Infrastructure leads as investment activity returns to Brazil
Huw Jenkins talks us through the most notable equity deals and M&A activity that BTG Pactual has worked on since 2016
Brazil’s economy is in the middle of a strange miracle, as economic stability emerges out of the recent politically tumultuous years. Latin American investment bank BTG Pactual recently acted as joint bookrunner for infrastructure company CCR, in the largest offering in Brazil since April 2015; vice chairman of the board Huw Jenkins explains what this represents about the country’s economic recovery. He also talks through other infrastructure deals with toll road operator EcoRodovias and water company Odebrecht Ambiental; as well as retailer Lojas Americanas and retail player BR Malls.
World Finance: I’m with Huw Jenkins from Latin American investment bank BTG Pactual, and we’ve been talking about how equity activity is finally back on the books for Brazil.
You recently acted as joint bookrunner for the largest offering in Brazil since April 2015 – tell me more.
Huw Jenkins: CCR is an infrastructure company focused in particular on transportation and roads. It’s been an extremely successful deployer of capital within that space in Brazil.
And I think as I mentioned earlier, with the development of a new economic paradigm – we’ve moved out of a recession, started to see some recovery, and a kind of new Brazil. If we get the wind at our back with a good election in 2018, some economic recovery, some recovery in jobs, then we could see a very attractive environment for Brazil.
And especially for an infrastructure company like CCR, which tripled its value over the last 10 years, and is in a position to capture the benefits of a declining interest rate environment, improved government regulation for concessions and infrastructure. And an improved environment internationally, in terms of the way in which investors look at Brazil.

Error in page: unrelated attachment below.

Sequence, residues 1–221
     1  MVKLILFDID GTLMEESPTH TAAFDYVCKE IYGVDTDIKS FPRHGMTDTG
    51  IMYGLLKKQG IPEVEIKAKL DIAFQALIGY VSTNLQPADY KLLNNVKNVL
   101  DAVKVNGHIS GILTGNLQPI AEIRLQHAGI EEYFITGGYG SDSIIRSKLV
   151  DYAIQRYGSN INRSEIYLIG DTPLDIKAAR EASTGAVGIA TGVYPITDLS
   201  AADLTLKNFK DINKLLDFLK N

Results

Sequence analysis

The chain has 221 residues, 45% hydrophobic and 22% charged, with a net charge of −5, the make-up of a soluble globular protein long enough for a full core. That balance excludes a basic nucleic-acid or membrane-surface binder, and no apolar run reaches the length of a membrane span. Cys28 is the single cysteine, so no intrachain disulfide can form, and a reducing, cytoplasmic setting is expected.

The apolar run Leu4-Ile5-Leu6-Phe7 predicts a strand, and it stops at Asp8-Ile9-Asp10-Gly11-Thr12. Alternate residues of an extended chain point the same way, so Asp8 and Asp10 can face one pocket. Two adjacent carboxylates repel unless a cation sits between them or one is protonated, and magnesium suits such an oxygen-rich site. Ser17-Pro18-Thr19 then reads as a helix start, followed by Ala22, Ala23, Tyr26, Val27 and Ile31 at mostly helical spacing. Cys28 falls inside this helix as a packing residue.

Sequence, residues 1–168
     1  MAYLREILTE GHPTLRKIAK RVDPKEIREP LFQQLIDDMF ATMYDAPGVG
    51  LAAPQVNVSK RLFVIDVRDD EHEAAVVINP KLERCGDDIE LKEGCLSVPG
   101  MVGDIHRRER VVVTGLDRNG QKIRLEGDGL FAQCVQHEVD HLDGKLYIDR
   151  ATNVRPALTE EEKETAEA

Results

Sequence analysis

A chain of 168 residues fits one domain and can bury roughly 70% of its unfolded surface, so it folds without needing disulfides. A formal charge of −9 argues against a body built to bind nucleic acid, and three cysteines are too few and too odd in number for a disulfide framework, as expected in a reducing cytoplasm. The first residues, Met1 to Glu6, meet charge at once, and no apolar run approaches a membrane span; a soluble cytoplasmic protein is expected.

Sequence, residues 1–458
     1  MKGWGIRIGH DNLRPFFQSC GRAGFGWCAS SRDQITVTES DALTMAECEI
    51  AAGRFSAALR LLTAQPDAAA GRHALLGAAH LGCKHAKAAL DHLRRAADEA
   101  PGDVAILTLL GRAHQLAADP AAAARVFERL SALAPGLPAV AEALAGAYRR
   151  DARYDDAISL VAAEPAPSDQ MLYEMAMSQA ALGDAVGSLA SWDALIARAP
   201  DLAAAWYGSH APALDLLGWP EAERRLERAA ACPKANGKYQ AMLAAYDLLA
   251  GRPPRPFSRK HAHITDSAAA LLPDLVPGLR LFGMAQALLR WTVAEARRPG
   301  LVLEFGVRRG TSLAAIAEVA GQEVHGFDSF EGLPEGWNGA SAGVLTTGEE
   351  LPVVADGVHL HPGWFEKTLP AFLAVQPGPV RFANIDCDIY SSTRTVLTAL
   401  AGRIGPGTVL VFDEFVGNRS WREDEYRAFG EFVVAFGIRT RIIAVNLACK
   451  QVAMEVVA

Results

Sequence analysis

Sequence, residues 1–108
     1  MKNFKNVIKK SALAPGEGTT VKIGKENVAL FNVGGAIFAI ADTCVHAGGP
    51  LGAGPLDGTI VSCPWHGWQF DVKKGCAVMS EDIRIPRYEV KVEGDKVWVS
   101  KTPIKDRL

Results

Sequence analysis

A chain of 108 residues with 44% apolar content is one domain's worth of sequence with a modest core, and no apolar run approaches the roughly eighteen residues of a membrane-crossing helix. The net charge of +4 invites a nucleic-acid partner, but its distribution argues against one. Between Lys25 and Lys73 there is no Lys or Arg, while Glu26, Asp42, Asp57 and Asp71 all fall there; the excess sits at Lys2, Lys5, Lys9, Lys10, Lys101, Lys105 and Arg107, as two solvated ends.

I think that everyone’s always seen Brazil as a country that was short of capital investment. That there was insufficient roads, ports, airports, telecommunications, power generation. And therefore the opportunity to attract foreign capital, because of the relatively high returns in those sectors in Brazil, has always been strong.
World Finance: You were also involved in two large retail transactions; investors are confident this is an area of growth?
Huw Jenkins: I think you might be thinking of BR Malls and Lojas Americanas. Lojas Americanas is definitely a retailer, and clearly benefits from the view that consumer demand is recovering in Brazil, and we will see an improvement in that sector. And indeed, just in the last week we’ve seen one of the largest transactions executed in Brazil – the IPO of Carrefour Brazil. Which reinforces investor appetite for the consumer sector.
The other transaction that we were involved in – BR Malls – is more of a real estate play. Where again, people are looking to capture the benefits of a declining interest rate environment, and what that will do to real estate valuations and the valuations for BR Malls.
World Finance: You’ve also enjoyed strong momentum in your M&A activity in the last couple of years; what have been the most interesting transactions you’ve been part of?
Huw Jenkins: BTG Pactual as a domestic player tends to focus on advising domestic companies that are looking for international buyers. So we advised Odebrecht Ambiental, the major water company in Brazil, which wound up being acquired by Brookfield of Canada, an infrastructure investor.
We acted for EcoRodovias, which is another toll road operator in Brazil, which we sold to Gavio, the Italian operator. And that’s another example of the interest in the infrastructure sector.
We’ve also been involved in transactions in other sectors: real estate and healthcare. But probably still I would say the strongest interest is in infrastructure.
World Finance: What would you see as the future for investment in Brazil?
Huw Jenkins: Having gone through a period – perhaps 10 years ago – where people were over-optimistic, people then became extremely pessimistic. And somebody once told me a story about Brazil, and said something along the lines of, ‘It’s never as good as they tell you, and it’s never as bad as they tell you.’
And I think Brazil is now entering a phase where, it’s going to surprise to the upside. Even though there’s been this political uncertainty. As I mentioned before there’s been this kind of strange miracle, where we’ve wound up passing some very constructive legislation, despite the weakness of the political groups in Brazil. And I think that lays the foundations for the fundamentals of very strong resources base, very large and growing population, relatively underlevered economy where there’s relatively low levels of domestic credit penetration. All of that I think can produce very attractive returns for investors over the next five, 10 years.
World Finance: Huw, thank you very much.
Huw Jenkins: Thank you.